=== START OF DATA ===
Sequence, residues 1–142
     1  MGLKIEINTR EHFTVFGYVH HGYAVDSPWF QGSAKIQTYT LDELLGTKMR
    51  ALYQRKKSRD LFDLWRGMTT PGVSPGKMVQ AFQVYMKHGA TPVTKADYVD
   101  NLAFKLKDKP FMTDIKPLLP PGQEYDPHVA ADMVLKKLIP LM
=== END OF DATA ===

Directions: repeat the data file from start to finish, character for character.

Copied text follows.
Sequence, residues 1–142
     1  MGLKIEINTR EHFTVFGYVH HGYAVDSPWF QGSAKIQTYT LDELLGTKMR
    51  ALYQRKKSRD LFDLWRGMTT PGVSPGKMVQ AFQVYMKHGA TPVTKADYVD
   101  NLAFKLKDKP FMTDIKPLLP PGQEYDPHVA ADMVLKKLIP LM